Cancer-afflicted woman, husband fight disease from a Mumbai footpath
While taking care of their five daughters and a son in a village in Akola, Noor Mohammad Ali Shaikh and Shabanabi dreamt of going to Mumbai for a vacation. Little did they know that they would have to spend five months of their lives on a footpath in the city that they dreamt of. They had to come here to treat Shabanabi, who has cancer.
Noor Mohammed Ali Shaikh, seen with Shabanabi, said he is cheerful in spite of the situation because it’s the only way to remain level headed. Pic/Satyajit Desai
The 42-year-old and her 44-year-old husband have been forced to live on a footpath opposite the Tata Memorial Hospital at Parel, due to because they can’t afford to live anywhere else. Noor owns a cycle repair shop and lives with his family of nine, including six children, his wife and father.
It wasn’t until February 2014 that he realised Shabanabi’s health was deteriorating after a wound on her left leg showed no sign of getting better. She had been complaining of joint pain and weakness.
“She was losing weight, used to scream at night in pain, and couldn’t move around. That’s when I took her to a local hospital,” said Noor. The doctor told Noor that Shabanabi was suffering from Osteosarcoma (cancerous tumour in a bone). The couple travelled to Mumbai in the month of August, for the first time in their lives, to seek treatment for her ailment.
Met a good doctor
“First we went to Prince Aly Khan Hospital since it was a trust and we thought we will get a concession on the treatment there. The doctor told us that though there were good chances of Shabanabi getting cured, the expense might cross Rs 10 lakh.
There was no way we could bear the expense. But the doctor was very helpful, he wrote a reference letter for Tata Hospital, and asked me to take her there,” said Noor. He took Shabanabi to Tata Hospital and a doctor immediately admitted her. Within 15 days, the hospital amputated her left leg from the knee to stop the tumour from spreading.
Two months after the operation, the hospital discharged her, but she still had to undergo eight chemotherapy sessions. With each session lasting five days, with a gap of of 21 days between sessions, the couple was given tentative dates for the eight sessions starting from November 8.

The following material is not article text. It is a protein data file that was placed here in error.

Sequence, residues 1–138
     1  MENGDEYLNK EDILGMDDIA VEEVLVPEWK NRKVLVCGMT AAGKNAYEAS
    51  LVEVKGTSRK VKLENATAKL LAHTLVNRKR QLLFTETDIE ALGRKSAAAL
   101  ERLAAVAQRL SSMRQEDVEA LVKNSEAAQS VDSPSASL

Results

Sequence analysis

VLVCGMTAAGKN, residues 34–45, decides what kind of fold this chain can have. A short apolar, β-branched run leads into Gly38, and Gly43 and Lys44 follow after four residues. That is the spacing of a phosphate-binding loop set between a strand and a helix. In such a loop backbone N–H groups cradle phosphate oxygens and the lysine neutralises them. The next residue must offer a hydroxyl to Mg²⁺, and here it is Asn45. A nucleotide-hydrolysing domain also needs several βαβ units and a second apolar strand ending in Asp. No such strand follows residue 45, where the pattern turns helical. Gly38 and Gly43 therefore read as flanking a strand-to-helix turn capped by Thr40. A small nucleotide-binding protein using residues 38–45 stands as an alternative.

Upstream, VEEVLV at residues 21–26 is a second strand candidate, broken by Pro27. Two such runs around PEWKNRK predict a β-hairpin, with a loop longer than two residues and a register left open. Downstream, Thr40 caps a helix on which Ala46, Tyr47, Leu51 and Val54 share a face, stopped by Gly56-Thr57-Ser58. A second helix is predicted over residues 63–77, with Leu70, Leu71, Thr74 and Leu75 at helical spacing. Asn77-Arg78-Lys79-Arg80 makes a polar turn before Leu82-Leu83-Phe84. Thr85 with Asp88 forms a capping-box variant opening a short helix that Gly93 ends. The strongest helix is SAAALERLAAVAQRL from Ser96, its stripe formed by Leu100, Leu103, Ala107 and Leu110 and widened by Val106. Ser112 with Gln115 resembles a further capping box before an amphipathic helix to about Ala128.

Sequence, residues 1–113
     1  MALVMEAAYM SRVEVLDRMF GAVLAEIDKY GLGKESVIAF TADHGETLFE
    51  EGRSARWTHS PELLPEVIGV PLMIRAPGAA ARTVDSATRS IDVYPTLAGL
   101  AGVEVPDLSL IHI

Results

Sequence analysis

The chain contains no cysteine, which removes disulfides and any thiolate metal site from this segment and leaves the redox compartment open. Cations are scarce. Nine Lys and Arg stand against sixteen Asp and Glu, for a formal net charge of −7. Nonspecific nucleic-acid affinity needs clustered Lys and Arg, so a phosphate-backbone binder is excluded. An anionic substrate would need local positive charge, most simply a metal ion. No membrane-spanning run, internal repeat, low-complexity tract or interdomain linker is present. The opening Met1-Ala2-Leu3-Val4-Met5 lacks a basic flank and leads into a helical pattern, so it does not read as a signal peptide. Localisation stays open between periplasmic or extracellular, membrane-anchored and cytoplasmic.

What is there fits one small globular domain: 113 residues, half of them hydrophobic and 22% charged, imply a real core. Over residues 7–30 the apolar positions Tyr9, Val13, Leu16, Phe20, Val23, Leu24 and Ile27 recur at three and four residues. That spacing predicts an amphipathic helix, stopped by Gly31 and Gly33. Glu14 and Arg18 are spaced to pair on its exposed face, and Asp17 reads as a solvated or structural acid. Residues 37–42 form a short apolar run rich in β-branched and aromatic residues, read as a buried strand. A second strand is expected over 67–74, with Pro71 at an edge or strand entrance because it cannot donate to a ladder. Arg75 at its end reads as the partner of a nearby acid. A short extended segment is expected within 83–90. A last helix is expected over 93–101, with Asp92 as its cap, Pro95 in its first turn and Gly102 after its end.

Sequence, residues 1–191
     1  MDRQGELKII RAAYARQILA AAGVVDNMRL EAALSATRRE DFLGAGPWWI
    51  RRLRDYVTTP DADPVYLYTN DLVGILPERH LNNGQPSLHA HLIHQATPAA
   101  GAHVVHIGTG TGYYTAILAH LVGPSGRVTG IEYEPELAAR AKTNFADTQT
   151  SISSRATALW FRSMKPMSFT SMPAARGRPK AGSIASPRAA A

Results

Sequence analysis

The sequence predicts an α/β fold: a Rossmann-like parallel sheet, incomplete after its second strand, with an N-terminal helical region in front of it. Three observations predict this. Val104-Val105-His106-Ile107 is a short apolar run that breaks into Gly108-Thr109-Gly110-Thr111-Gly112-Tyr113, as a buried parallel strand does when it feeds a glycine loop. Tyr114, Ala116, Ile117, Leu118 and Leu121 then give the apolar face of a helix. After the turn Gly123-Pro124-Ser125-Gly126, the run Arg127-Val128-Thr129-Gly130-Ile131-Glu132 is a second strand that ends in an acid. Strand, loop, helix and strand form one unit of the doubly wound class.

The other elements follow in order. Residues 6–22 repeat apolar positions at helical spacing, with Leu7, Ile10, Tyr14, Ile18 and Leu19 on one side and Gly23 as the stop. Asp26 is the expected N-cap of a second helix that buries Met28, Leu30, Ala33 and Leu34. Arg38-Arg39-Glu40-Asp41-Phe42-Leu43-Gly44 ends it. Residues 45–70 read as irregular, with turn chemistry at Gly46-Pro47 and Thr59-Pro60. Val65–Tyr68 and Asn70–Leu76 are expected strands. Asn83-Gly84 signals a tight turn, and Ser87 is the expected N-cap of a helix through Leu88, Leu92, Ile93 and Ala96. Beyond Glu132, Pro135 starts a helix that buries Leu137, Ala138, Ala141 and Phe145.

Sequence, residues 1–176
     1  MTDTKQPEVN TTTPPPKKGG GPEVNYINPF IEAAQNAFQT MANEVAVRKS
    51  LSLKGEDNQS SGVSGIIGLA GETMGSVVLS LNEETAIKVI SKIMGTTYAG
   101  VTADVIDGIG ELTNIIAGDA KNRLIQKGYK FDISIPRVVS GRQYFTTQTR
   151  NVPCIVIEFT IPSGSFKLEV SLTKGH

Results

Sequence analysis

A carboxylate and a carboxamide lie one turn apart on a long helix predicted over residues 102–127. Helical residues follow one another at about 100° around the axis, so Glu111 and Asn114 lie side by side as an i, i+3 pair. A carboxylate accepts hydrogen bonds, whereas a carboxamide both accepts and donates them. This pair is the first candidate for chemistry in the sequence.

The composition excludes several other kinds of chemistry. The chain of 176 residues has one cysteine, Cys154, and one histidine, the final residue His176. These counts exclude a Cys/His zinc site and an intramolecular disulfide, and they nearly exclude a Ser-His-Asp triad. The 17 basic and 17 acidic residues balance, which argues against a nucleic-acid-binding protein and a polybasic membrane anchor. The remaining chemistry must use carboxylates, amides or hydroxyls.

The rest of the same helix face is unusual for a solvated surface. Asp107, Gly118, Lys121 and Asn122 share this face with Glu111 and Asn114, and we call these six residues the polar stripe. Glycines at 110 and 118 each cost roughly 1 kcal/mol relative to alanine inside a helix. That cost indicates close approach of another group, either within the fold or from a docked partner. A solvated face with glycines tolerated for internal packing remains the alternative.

No place to stay
“For the first three sessions, we moved in at Gadgebaba Hostel at Parel. We only had to pay Rs 10 a day and it was affordable. Since the treatment cost was covered under Rajiv Gandhi Aarogya Yojna, we were paying only for medication, which was still a burden,” said Shabanabi.
However as the hostel only allows stay for three months, they were asked to take another appointment, which was scheduled after several months. Another trust-run housing facility said they don’t allow cancer patients to stay on their premises. The couple then had no choice but to move to a footpath in January.
They go to a temple for lunch and depend on charity for other meals. “There is heat, continuous noise and dust. People walk by carelessly, sometimes kicking away our stuff, but we can’t complain. There is no other way. I never thought that our first trip to Mumbai will be spent on the streets,” said Noor, smiling.
‘I cheer her up’
Asked how he stayed cheerful in the situation, Noor said that was the only way to remain level headed. “If I break down, what will she do? I talk to her, cheer her up by telling her that only a few days are left and we will be home soon. I just hope the rains don’t start anytime soon. We have two more months to spend here and it will be really difficult to manage in the rains,” said Noor.
“We don't admit patients during chemotherapy sessions but in such cases we can help them with accommodation available with the hospital. Had the couple contacted us, we would have helped them with lodging and other facilities,” the Tata Memorial hospital spokesperson said.